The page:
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Plan Check (was Re: Rigid Wood Diaphragm?)

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I apologize in advance for the long rant.

Gerard wrote:

> You being shocked is not shocking to me. There is a lot a really bad
> stuff out there that gets by plan check no problem. Owners and
> contractors like it too because they are getting it built cheap. When
> the rest of us try to do work like that, the owners want to go back to
> their garbage engineer.
> The only thing preventing this is consistent/uniform plan checking from
> each building department. This is a dream and many plan checkers (NOT
> ALL) are just plain difficult to work with (i.e. "Seismic Design of a
> Garden Trellis"). IMHO, I think 3rd party plan checking is a scam (along
> with soils reports). I'm not sure what they charge, but these firms just
> seem to fill up two pages minimum worth of comments, to justify their
> fees. Most never open the calcs and never read the general notes. The
> ICBO Certified plans examiner is not sufficient (although I have no idea
> what it requires) to qualify someone to be a plan checker. In the bay
> area, most of the cities do a good job in house and are fairly
> consistent. County agencies are hit or miss. 3rd party is nearly always
> a huge pain in the ass.
> If your project is in Zone 3, perhaps they are even more lax in their
> checking efforts (I don't know)... but I think any decent plan checker
> would seriously object to the design as you described it.
> Thank god I'm not an architect and have to deal with Planners at the
> city on top of plan check. They throw around other people's money like
> it's a game.
> DISCLAIMER: There are good plan checkers out there and at least three or

This is something I have been thinking about quite a bit lately.  I have
always considered plan check as a simple formality.  I would never dream of
actually believing that the plan review process was a check of my design.

Two recent cases in point out of many:

1.    Plan review comments regarding anchorage of masonry walls to the
plywood diaphragm.  There wasn't any masonry on the job.

2.    My own barn, where I am the client and the engineering was provided by
the companies engineer.  In my review there were multiple discrepancies,
calc's that were not reflected in the drawings, improper diaphragms, no
seismic checks, and then the system was over yield if an analysis was
performed.  The only comments from the plan review?  The decorative railing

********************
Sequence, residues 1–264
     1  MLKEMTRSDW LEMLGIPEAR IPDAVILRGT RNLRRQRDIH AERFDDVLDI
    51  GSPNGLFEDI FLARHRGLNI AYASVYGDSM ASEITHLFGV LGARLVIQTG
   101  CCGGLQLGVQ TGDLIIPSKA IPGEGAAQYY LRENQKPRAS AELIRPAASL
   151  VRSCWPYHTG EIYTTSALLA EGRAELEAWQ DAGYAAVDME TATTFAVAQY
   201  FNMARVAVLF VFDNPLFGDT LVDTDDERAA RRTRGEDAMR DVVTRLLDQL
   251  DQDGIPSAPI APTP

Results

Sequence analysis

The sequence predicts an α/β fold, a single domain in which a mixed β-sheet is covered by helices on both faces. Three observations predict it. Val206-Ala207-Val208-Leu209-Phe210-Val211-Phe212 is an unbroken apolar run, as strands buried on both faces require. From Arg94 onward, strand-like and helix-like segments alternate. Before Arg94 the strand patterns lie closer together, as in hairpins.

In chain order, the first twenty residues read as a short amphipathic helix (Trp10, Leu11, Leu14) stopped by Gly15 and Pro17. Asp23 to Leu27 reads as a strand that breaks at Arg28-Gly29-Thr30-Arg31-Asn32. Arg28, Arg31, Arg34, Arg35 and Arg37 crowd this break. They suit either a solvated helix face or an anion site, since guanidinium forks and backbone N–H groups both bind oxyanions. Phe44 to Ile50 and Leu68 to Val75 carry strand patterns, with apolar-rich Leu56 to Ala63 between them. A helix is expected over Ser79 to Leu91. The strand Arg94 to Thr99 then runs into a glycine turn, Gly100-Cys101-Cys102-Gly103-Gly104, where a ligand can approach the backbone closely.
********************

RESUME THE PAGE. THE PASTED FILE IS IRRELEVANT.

that merely separated two areas of equal grade needed the picket spacing to
be 4" max per chapter 10 of the UBC; a code provision that does not even
apply to the condition.  Nothing was noted regarding all the other issues.

The problem with this is that both reviewers were licensed PE's.  Is it the
plan review process that is broken or are the requirements to practice as a
PE so lax that the title is meaningless?  Given a simple project with maybe
2 or 3 areas that really should be reviewed, I would be willing to bet that
they will not be if the areas are not listed in the preprinted check list.

Is it the plan review process where we need to expend our energy to try and
improve the system, or the requirements (and enforcement) to be qualified as
a PE?  Is the PE who performs a completely inadequate review at fault (the
governing agency takes no liability) or the PE who produces inferior work
either from ignorance or under the guise that there are inadequate fees
involved to perform a proper job (this was actually stated to me on my
barn).  If I had been a non-engineer, I would have been provided with a
non-code compliant engineered and approved structure, and let's face it, the
requirements for an agricultural building are not hard to meet.  Blessfully,
when the barn manufacturer became aware of the issues, they made all the
modifications necessary without question and were actually pleased to have
the issues pointed out to them.  They wanted to provide a quality product,
which is why they hired an independent PE to provide their designs.

This is not isolated to my barn experience.  PE's who issue inferior work
and who charge inadequate fees bring down the integrity of our entire
profession.  How many times have you not been awarded a project, and then
been shocked by the fee the project actually paid to your competitor?  How
can they provide proper service for so little you ask?  They can't, and

The weight of the responsibility cannot rest on the governing authority to
perform detailed structural review.  Many smaller jurisdictions cannot
afford to hire competent engineering staff to review the work of someone who
is supposed to be a PROFESSIONAL.  How many times have you felt like plan
check response was an unpaid educational seminar? Nor is there adequate time
for a plan reviewer to really check a project that may have taken months to
design.  In my mind the plan reviewer is supposed to be looking only for the
blatant non-compliance issues, especially in the non-structural realm,
expecting more is un-realistic.  The weight of responsibility to provide
adequate design is the engineer's.

How this is accomplished and enforced I do not know.  Is it stronger
licensing laws and requirements?  Mandatory continuing education? More
aggressive self-policing of our industry, with more than a slap on the wrist
for egregious violations of what should be our ethical conduct?

As I said, I don't know, but I am thinking about it.

Paul Feather PE SE

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